Firstly there is the question of democratic legitimacy. The 2016 referendum, for all its faults, produced a result: Leave.

At the time and later in run up to the 2017 election the Labour party agreed to honor the result...

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Just Do It, Nancy


Impeach him.

You’ve been telling us for three years that Trump is a criminal, a traitor, the worst president ever, … in short, the devil’s own spawn. Yeah, that Russian collusion thing that you touted so long and so loudly didn’t play out as you hoped, but now, you caught him red handed! If you look at the transcript of his call to Zelensky from just the right angle – and don’t read it too closely – you can claim (er, have claimed) that he was using the delayed aid to Ukraine to ‘bribe’ that country into investigating Biden. Of course, it would have been better if Zelensky had known that the aid was being delayed, or had felt coerced, or had even done what Trump asked before he got the aid, but whatevs. Intentions matter, right? And you just know Trump inte...

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The Progressive Pravda

To my frequent sorrow, I still read The New York Times. It’s an old, old habit, and one I have tried to give up – but most mornings, after the Beloved Spouse has finished the crossword puzzle, the paper stares at me from across the breakfast table and I just can’t resist picking it up. Reading The Times, I tell myself, will give me a chance to understand the way the other side looks at the world.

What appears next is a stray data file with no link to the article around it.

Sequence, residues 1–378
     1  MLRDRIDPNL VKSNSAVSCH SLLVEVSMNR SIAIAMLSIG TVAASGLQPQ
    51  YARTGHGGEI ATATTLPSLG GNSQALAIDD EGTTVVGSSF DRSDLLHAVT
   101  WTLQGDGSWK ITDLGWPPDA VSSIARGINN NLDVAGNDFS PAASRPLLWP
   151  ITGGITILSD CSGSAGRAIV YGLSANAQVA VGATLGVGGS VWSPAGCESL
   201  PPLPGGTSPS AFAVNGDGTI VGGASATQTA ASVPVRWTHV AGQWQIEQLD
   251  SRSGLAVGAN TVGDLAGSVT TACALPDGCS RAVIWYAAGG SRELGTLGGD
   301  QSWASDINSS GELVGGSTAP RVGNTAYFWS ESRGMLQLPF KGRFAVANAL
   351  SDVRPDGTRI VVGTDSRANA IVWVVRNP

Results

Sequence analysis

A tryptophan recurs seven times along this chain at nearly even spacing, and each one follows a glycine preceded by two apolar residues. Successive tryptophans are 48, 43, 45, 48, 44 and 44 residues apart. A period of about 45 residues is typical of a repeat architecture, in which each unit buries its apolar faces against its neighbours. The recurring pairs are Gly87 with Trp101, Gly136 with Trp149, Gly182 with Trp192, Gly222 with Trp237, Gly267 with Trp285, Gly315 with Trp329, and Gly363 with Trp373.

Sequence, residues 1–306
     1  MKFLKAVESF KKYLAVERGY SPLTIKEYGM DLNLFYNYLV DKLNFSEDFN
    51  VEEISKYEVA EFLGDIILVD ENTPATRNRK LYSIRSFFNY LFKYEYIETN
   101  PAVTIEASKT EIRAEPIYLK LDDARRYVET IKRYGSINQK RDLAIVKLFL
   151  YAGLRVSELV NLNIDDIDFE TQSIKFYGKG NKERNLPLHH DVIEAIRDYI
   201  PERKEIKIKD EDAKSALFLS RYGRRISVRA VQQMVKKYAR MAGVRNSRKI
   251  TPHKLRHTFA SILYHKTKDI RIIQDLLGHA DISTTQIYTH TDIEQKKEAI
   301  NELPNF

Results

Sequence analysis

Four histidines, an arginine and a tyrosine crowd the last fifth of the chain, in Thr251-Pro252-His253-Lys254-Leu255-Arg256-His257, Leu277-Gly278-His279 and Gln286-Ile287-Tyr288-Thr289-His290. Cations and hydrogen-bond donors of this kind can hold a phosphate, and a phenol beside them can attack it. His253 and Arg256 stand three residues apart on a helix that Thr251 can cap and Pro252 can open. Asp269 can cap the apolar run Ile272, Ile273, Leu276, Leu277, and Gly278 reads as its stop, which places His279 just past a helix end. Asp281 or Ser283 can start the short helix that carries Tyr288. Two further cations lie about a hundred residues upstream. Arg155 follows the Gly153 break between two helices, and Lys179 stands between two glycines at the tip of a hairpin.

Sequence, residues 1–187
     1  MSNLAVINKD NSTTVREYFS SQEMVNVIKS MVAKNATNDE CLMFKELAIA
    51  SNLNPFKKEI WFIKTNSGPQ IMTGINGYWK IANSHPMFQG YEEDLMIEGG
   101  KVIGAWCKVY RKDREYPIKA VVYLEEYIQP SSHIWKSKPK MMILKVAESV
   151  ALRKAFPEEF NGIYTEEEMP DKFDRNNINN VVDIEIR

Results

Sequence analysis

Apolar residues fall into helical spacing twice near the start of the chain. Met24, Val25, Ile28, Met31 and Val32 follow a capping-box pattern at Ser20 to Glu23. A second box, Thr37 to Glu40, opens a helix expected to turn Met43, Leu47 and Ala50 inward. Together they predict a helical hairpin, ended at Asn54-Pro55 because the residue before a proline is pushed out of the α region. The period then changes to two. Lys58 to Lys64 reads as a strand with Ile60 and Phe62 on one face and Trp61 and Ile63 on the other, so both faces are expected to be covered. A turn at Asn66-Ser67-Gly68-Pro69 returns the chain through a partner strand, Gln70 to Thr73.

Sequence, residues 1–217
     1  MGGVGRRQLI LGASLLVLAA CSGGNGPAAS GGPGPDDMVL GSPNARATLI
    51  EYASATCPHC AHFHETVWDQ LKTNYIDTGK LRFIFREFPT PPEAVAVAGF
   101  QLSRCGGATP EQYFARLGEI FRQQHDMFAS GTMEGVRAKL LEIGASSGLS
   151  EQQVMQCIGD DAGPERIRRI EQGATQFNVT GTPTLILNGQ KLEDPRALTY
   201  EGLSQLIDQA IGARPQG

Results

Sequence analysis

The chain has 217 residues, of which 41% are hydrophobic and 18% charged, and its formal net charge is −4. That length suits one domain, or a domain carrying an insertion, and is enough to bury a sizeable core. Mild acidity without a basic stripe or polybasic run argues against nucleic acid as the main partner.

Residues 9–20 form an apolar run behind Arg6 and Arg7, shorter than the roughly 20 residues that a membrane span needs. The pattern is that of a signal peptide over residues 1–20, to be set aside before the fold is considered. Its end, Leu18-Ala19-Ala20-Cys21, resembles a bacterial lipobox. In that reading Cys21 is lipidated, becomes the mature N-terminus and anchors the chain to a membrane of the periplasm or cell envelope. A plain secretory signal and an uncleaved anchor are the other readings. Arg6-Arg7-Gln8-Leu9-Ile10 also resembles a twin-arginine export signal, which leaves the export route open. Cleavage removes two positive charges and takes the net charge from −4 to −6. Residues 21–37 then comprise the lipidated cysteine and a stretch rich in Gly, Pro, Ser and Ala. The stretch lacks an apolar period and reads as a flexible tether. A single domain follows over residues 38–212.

My efforts bear only small amounts of fruit. The paper does provide me with daily doses of progressive invective, occasionally even bolstered by carefully curated facts, but in truth, I always pretty much know what their take will be on whatever happened yesterday before I begin perusing the paper’s printed rehashes...

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The Climate Crusade

Although I am a skeptic regarding the extent of mankind’s impact on global warming, I don’t particularly like it when people describe the scare as a hoax or as a fraud on the public. Hoaxes and frauds executed on a grand scale require a concerted intent to deceive, which I think very few, if any, climate alarmists have. There is no global conspiracy to pull the wool over our eyes – the very idea is ludicrous.

Given the usual run of human foibles, however, systematic errors need only attractive theories, dramatically skewed incentives and confirmation bias to present themselves as seemingly unchallengable truths.    

Incidentally, you’ve probably already noticed that in the first paragraph I referred to the focus of climate alarmism as global warming rather than with the more...